As per the social responsibility, it is connected with fair marketing practices, protection of health and
ensuring safety, sustainable consumption, settlement of conflicts and indemnities, protection of
information and privacy, and attainment of basic services and products. Once such enterprises realize
facts, social responsibility will be achieved by using fair trade, practicing marketing, announcing any
dealings with customers, undertaking all reasonable procedures to ensure the soundness and quality of
their goods and services, especially:

Ensuring that such goods or services provided by the enterprise meet all legal standards required
for maintaining the consumer's health and safety, including health precautions and product safety
regulations, in addition to providing informative labels on the products. All reasonable
precautions should be employed or taken to ensure the quality and safety of its services and
goods', taking into consideration the entire life cycle for each product, as the objective is to
ensure safe utilization, good possibilities for repair, treatment, recycling or safe disposal of
excess or damaged goods.

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Providing effective and transparent procedures when examining consumer complaints, so as to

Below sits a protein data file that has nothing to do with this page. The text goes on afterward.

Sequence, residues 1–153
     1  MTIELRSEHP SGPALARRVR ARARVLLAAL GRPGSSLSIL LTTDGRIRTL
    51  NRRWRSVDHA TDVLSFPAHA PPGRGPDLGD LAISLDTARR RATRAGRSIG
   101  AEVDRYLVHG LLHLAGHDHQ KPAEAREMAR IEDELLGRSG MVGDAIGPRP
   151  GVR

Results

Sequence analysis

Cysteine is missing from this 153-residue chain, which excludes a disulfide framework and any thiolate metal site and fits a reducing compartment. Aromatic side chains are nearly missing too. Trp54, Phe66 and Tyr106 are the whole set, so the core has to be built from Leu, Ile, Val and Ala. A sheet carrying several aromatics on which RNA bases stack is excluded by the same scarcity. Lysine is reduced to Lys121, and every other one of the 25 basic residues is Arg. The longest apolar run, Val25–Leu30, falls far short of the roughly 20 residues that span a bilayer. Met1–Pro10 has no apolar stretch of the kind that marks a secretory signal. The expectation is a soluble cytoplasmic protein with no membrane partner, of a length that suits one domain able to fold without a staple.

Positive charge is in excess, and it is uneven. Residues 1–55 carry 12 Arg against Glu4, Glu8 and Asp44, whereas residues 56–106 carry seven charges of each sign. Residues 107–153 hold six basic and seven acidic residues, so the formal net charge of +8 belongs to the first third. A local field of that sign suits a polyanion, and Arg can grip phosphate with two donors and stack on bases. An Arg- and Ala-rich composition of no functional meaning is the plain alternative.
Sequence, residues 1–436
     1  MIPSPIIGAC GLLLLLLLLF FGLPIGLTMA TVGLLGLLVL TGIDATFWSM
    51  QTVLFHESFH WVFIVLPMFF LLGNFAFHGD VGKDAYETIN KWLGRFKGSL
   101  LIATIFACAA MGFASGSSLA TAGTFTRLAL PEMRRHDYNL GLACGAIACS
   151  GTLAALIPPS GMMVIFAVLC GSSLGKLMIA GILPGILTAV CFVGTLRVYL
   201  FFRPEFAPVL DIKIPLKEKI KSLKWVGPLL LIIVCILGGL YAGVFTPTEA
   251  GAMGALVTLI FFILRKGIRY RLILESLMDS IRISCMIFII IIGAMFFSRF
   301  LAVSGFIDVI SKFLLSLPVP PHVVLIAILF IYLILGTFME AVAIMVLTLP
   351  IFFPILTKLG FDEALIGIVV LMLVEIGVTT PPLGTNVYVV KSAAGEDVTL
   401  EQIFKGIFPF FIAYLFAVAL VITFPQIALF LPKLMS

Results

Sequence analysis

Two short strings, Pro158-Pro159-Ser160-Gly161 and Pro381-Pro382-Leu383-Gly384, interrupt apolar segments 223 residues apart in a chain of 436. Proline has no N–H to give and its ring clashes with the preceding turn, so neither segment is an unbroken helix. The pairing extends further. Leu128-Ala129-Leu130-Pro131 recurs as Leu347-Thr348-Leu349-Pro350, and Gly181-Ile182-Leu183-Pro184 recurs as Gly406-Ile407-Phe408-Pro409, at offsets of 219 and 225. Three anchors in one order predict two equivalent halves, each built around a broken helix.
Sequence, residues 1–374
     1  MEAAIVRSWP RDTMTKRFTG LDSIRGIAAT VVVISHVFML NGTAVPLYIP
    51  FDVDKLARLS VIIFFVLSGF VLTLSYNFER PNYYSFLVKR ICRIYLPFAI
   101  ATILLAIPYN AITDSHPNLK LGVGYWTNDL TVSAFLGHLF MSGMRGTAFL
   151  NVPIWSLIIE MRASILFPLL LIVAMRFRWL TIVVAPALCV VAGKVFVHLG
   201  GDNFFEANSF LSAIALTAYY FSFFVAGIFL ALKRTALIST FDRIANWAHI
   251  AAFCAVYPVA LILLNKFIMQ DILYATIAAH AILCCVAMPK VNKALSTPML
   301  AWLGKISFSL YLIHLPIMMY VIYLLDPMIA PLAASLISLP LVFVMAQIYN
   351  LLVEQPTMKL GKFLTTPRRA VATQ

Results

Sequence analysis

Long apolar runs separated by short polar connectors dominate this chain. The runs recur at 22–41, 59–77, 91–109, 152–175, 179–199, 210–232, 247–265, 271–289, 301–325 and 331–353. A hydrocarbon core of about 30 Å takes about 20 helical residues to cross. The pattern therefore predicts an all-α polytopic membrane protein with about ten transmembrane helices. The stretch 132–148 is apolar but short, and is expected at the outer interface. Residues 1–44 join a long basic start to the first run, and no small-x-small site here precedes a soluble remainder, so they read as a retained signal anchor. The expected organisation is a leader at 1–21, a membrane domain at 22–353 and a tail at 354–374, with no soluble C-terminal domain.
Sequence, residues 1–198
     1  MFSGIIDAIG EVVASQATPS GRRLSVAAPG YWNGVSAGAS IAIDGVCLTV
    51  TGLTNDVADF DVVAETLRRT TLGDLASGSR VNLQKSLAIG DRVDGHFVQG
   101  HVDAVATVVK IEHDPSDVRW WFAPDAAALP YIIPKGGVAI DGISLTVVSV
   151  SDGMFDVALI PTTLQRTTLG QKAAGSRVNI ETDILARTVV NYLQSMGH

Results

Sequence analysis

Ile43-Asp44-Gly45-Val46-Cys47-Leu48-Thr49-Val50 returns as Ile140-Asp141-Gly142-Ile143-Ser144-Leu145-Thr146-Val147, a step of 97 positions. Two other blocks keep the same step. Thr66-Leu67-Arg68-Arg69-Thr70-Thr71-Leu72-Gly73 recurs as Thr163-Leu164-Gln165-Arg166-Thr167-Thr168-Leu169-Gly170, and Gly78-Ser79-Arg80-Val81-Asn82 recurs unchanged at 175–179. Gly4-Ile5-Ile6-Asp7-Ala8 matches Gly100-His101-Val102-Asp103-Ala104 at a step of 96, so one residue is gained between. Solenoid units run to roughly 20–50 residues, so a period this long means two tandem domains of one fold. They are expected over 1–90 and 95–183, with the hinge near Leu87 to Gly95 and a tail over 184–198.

contribute in finding fair and timely solutions for consumer disputes, without any further or
unnecessary costs.
Avoiding engagement in any other practices that are deemed deceiving, misleading, forged, or
unfair.
Respecting the consumers privacy, providing security, and maintaining its confidential
information.
Complete and transparent cooperation with public authorities to avoid and/or combat any serious
threats that may affect consumers health or public safety due to using or consuming its products.

Ethical Investment :
Ethical investment is the type of investment which takes into consideration the enterprises ethical
values, and their effects on making the investment decision. There are several and various types of
ethical investment, yet the following are the most common:
The investment which is based on Negative Screening: this type of ethical investment considers
all investment opportunities, yet prohibits the involvement in certain investments.
The investment which is based on Positive Screening: this type of ethical investment considers
all available investment opportunities, to find socially and ethically responsible investment
opportunities.
The investment which is based on Corporate Engagement: this type of ethical investment aims at
changing corporate practices in which it is involved, through promoting dialogue and conducting
meetings to encourage such enterprises to be committed to social responsibility.
Combination Investment: despite the fact that it is uncommon, some enterprises combine the
above three types of investment.

As such, the ethical investment paves the way for investors to avoid undesirable investments on the one
hand, and provide opportunities to support the investment which follows a similar social and ethical